The Imitable Process of Ryan Veeder

or, “How to Write the Way I Write, in Inform 7”

Good afternoon. It may be the case that you have a desire to learn about how I write my text adventure computer games. There are a lot of angles to this subject, and the one I’d like to focus on here is the stage right after all that horrible “coming up with an idea” and “figuring out the story” stuff—the corpus callosum between design and implementation, getting the world to a state where the player can at least walk around and look at stuff.

I’m going to assume a basic familiarity with the Inform 7 programming environment, but if you have no idea how I7 works, you may be able to glean that basic familiarity from this post. Plus you will get to see my terrible handwriting!!!

Okay, so! First I draw a map.

Continue reading

Cream Cheese Banana Bread

This banana bread is terrible for you but he not busy being born is busy dying.

Oven 350 degrees.

Butter up a bread loaf pan.

Cream a cup of sugar and a stick of butter.

Margarine works fine.

Add two eggs. Mix it up good.

Mix a teaspoon of baking soda and a teaspoon of salt into a cup and a half of regular flour.

Mix dry stuff into wet stuff.

You need a couple of bananas that are super ripe. Mash them up into a gross banana paste. You can use less ripe bananas but you’ll have to mash them more. 2 bananas is roughly 1 cup of banana paste. That’s how much you want.

You need half a cup of cream cheese. Half a cup is 8 oz, ie the amount in one of those cardboard boxes of Philadelphia cream cheese. You can use Neufchatel too; it has 1/3 less fat and tastes the same. At least it does when it’s all mixed up in a banana bread.

Also you need a teaspoon of vanilla.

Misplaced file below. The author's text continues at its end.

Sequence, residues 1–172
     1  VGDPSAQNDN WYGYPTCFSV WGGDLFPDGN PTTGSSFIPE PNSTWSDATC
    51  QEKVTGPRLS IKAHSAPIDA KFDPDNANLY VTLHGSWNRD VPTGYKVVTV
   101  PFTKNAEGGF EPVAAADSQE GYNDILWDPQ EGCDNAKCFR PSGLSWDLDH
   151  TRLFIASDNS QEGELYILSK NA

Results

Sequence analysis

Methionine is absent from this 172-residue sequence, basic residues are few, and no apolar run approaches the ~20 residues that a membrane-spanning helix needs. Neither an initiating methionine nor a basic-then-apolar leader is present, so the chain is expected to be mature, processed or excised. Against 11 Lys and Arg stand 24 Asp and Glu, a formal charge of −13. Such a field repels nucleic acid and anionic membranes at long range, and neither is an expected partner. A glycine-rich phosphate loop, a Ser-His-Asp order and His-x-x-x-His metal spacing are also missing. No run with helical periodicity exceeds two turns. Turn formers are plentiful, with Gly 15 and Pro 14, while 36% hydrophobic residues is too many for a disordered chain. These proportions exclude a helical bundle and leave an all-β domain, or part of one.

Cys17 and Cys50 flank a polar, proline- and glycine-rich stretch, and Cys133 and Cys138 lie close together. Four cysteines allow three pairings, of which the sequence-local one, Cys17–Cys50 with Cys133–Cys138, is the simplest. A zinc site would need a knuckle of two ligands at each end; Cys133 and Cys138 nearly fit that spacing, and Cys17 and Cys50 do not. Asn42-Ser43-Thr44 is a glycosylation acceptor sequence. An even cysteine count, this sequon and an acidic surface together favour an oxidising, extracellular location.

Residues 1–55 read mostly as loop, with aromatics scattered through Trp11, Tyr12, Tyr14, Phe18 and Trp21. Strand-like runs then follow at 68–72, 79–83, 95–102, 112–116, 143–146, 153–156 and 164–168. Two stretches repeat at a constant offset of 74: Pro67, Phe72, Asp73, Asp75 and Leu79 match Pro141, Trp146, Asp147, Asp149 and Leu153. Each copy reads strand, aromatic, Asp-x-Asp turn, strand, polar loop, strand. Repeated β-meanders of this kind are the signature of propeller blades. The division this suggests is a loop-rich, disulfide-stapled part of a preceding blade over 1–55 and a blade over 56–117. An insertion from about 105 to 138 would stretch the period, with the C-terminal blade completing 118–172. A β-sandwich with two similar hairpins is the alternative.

Mix the flavor team in. Mix that mixture until the cream cheese is fully incorporated. I am pretty sure you can’t mix it too much.

Put that mixture in the pan. Bake it until a toothpick comes out clean, about 1 hour 10 minutes. Let it cool blah blah.

When it’s first out of the pan it’ll be all crusty, which is great if you love crustiness. Then you let it cool off and put it in a bread bag and the next day the crust will be suffused with moisture. I guess this is probably how every banana bread is. Thank you for your time.

Some new stuff!

  1. I’ve got a new game for you about cavemen; it’s called Reference and Representation: And Approach to First-Order Semantics.
  2. I’ve got ANOTHER new game for you about a docent; it’s called An Evening at the Ransom Woodingdean Museum House.
  3. The above games were supported by nice people via Patreon.
  4. If you haven’t checked out Clash of the Type-Ins recently, you may have missed various new episodes featuring such luminous guests as Dan Schmidt, Jason McIntosh, and Andrew Plotkin.



In October, I ran a one-shot D&D game for a great big gang of internet people via Google Hangouts. We called it D&DLLOWEEN and it was a ton of fun.

Pretty soon I am going to run another one-shot D&D game for a great big gang of internet people via Google Hangouts, and it will be called THRILLING PIRACY.

In the Pythenic Ocean,

living people are second-class citizens. Queen Noumenia the Infinite, an ancient lich, prefers for all her subjects to be undead. A spell cast over the entire ocean causes any who die within its borders to immediately revive as some sort of unholy zombie or ghost or suchlike.

Captain Jack Hock of the Expertly is an alive person, a swashbuckling force of outlaw justice on the Pythenic seas. His crew is on a quest to find a mysterious treasure that supposedly will weaken Noumenia’s dominion—but they are hounded at every turn by Captain Laphria of Her Majesty’s Navy, who seeks to claim the same treasure for the Queen. Captain Laphria is a skeleton.

As far as scheduling:

There will be two sessions, on the evenings of April 1 and April 2, beginning at 8 PM Central.

If you are interested,

you should email me. When the event gets a little closer, I’ll start figuring out who is playing when. After that’s straightened out, I’ll email you an extremely brief preparatory questionnaire and we’ll figure out the character you’re playing.

You can play with us even if you’ve never played Dungeons and Dragons before.

I’ve generated characters for all levels of D&D expertise. It’s very very helpful if you can at least check out the basic rules ahead of time, but the main principles are A) play along and B) when instructed, type “/roll d20+whatever” into the thingy.

On the other hand, if you are a 5th Edition expert, you may want to run one of the full caster—or even put together your own character, if you have an idea for a piratical PC.